By the time you read this it may be too late. The Federal Communications Commission (FCC) in the USA is set to vote soon to repeal the 2015 regulations which maintained “common carrier status” on telecommunications companies. This would effectively end “net neutrality” and bring about a new age for the internet.
Net neutrality has been in the news a lot lately because of this potential change, but despite a slew of well-meaning explanations about what it is, few commentators have delved into the post-net neutrality world to give people a visceral understanding of the consequences of this change.
First some terminology – I promise this won’t be too painful. A carrier is a person or company that transports something. It could be people, power, parcels, or in the case of the Internet: bits. A common carrier does this for the general public and as such is subject to some regulatory body. In the USA the regulatory body is the FCC. In Canada it’s the Canadian Radio-television and Telecommunications Commission (CRTC). A contract carrier transports specifically for their clients and can refuse to transport for anyone else.
Think about this for a minute. The internet is not a series of tubes from you to Google and Facebook. It is a large, complex, network of networks. When you visit a website the bits from that website may (and probably do) travel through dozens of networks and over multiple carriers to get to you. If any of the carriers between you and the website choose to not transport those bits then there is risk that your request will fail.
An important legal requirement for common carriers as public providers is that they cannot discriminate, that is refuse the service, unless there is some compelling reason. That word discriminate is important. It extends not just to race, sex, age, religion, etc., but also to competition. A telecommunications company cannot refuse to carry a competitor’s bits. It also cannot treat them differently, as in cause them to be slower.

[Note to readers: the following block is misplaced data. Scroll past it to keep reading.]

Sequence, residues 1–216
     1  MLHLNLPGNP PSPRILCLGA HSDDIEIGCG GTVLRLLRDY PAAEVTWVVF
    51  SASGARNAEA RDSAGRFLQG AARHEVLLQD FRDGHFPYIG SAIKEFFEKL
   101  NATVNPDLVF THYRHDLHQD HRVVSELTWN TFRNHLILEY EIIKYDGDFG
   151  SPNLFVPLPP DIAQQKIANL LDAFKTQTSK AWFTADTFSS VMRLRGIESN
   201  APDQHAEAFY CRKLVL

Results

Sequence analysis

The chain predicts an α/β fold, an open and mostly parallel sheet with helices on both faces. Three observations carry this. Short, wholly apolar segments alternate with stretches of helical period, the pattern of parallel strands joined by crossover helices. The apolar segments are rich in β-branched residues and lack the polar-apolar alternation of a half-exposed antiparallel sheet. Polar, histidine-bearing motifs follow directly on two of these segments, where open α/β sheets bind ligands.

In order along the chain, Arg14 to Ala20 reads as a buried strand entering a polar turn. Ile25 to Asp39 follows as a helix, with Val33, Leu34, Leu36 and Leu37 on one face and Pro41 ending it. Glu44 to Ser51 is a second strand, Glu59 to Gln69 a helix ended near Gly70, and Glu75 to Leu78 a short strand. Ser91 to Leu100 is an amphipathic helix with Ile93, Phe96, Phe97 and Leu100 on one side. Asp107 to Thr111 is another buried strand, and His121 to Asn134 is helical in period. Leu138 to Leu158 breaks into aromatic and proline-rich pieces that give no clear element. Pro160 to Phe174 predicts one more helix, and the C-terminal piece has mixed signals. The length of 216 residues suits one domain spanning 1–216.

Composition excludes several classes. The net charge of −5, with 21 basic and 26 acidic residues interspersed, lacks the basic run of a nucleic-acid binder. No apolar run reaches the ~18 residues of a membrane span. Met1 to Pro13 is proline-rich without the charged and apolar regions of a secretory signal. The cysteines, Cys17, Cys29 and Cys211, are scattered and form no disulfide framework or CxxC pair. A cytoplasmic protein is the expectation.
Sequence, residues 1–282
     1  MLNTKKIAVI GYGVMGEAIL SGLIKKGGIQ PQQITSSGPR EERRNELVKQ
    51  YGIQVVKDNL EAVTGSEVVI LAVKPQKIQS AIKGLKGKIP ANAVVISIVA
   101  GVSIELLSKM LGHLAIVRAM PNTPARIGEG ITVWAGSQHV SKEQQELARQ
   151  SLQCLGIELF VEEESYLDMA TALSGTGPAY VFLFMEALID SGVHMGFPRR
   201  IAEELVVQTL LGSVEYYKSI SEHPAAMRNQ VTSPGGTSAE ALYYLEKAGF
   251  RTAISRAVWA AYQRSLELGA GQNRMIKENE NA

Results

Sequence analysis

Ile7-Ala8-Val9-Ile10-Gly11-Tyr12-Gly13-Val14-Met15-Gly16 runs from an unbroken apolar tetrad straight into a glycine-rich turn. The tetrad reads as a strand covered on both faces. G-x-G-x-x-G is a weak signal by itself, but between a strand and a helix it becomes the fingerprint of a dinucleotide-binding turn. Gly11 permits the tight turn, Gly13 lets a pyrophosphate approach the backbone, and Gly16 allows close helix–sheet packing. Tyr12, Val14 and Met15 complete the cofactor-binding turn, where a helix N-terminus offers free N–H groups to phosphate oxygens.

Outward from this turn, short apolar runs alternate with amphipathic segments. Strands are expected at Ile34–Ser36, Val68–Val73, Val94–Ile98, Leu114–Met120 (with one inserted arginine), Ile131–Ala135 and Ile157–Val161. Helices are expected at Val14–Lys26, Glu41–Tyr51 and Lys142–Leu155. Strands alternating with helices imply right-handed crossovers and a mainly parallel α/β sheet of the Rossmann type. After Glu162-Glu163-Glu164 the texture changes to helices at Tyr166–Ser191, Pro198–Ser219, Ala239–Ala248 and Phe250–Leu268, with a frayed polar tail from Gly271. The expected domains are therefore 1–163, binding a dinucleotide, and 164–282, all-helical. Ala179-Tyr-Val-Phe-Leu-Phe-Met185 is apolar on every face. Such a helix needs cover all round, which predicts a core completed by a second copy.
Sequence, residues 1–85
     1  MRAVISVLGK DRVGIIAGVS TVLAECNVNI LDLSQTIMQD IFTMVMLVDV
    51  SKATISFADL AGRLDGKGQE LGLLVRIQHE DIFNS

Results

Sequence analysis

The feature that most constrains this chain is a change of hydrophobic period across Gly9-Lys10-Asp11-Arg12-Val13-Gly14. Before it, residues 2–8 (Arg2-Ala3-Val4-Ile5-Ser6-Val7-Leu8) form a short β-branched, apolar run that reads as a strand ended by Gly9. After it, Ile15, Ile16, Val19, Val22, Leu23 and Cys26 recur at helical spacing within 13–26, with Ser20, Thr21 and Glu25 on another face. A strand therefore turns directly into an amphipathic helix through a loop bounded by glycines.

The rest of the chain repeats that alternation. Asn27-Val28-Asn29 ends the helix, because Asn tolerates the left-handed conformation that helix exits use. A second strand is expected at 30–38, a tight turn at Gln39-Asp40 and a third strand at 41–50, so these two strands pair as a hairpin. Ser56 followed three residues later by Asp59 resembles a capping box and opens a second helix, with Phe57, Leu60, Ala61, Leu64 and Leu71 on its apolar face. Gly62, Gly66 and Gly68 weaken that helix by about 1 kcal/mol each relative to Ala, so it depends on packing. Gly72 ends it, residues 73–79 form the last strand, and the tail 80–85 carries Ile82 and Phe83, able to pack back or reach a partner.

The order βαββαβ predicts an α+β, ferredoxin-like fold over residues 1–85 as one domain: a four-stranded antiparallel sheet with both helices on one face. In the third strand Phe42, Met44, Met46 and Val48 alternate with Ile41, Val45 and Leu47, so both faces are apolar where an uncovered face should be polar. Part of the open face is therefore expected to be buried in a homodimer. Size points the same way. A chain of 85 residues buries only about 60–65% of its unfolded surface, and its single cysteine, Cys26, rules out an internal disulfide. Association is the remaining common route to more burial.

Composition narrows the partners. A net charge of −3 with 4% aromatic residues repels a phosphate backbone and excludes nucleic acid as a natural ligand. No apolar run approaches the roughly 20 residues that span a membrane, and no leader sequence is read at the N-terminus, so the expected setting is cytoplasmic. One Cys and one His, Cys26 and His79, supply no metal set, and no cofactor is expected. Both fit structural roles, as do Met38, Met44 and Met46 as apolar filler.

The importance of this cannot be overstated. Ten years ago none of these existed: Uber, Airbnb, Instagram, Snapchat, Kickstarter, Pinterest, WhatsApp, Facebook Messenger. All of them needed their customers to be able to access them over the Internet. These are large companies employing tens of thousands of people. All of that would be at risk if the telecommunications companies decided that this new company competed with their car service, rental service, photo service, etc.
Netflix moved from DVD rentals to streaming just ten years ago. Now imagine that you’re a telecommunication company that makes money selling advertising time during your TV shows and movies that you broadcast. An upstart young company comes along with a new model to stream ad-free movies to subscribers. Well, if you are not forced to allow them to use your network by net neutrality laws then you can simply not allow your subscribes to connect to Netflix.com. Or, more insidiously, you can allow them to connect, but make the connection slow or undependable, thereby stymieing your competition without a shot being fired. Without common carrier rules, Netflix would have no grounds for complaint and no one to complain to.
Without net neutrality rules and common carrier status for telecommunications companies this is the future: the only new ideas that you will ever see succeed on the Internet will be ideas that make those companies money. Period.
Imagine for a moment that the highways were all corporately owned and not governed under common carrier rules. You pay a toll to drive on them, which is fine because you don’t pay taxes for them anymore. Awesome, right? Except when a newer, cheaper transportation company starts up that can reduce your business’ costs by 10% you suddenly discover that you can’t use them, because the company that owns the road has their own transport company and they won’t let another one compete with them. Your business cannot access any service that the road owner doesn’t grant access to. Your business cannot deliver goods to an area that the road owner doesn’t allow you to access – for any reason. This is not a future you want to live in.
In case you think this is a hypothetical discussion, it is not. In 2005 Telus blocked access for all of its subscribers to a website that was supporting the union that Telus was in a contract dispute with. They censored the Internet for their corporate purposes. They and every other Internet provider will do this again if given the opportunity. The only thing preventing them from doing this is common carrier status.
The Internet is not a fad. It is the preeminent way that our civilization communicates information to one another now. The thought of handing over the keys to that knowledge to a dozen or so companies, who by law are bound only to maximize benefits for their shareholders, is simply terrifying. Not because corporations are evil, but because they are amoral, and fair and equal access to the Internet is a moral issue made real by the technical ability to pick and choose the winners and losers.
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